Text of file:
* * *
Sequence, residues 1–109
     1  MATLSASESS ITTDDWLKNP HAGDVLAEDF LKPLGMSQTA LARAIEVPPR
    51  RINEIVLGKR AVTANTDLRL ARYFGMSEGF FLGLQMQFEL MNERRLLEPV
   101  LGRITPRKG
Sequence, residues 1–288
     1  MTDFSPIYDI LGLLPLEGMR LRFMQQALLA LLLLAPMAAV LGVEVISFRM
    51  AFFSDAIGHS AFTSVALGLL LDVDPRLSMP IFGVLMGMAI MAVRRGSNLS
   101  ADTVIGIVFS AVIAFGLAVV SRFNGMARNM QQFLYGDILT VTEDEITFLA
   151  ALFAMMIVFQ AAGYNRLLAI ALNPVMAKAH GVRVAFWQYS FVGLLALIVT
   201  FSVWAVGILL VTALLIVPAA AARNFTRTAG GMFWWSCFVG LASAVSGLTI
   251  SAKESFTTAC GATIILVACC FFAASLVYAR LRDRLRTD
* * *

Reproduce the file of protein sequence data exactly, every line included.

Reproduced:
Sequence, residues 1–109
     1  MATLSASESS ITTDDWLKNP HAGDVLAEDF LKPLGMSQTA LARAIEVPPR
    51  RINEIVLGKR AVTANTDLRL ARYFGMSEGF FLGLQMQFEL MNERRLLEPV
   101  LGRITPRKG
Sequence, residues 1–288
     1  MTDFSPIYDI LGLLPLEGMR LRFMQQALLA LLLLAPMAAV LGVEVISFRM
    51  AFFSDAIGHS AFTSVALGLL LDVDPRLSMP IFGVLMGMAI MAVRRGSNLS
   101  ADTVIGIVFS AVIAFGLAVV SRFNGMARNM QQFLYGDILT VTEDEITFLA
   151  ALFAMMIVFQ AAGYNRLLAI ALNPVMAKAH GVRVAFWQYS FVGLLALIVT
   201  FSVWAVGILL VTALLIVPAA AARNFTRTAG GMFWWSCFVG LASAVSGLTI
   251  SAKESFTTAC GATIILVACC FFAASLVYAR LRDRLRTD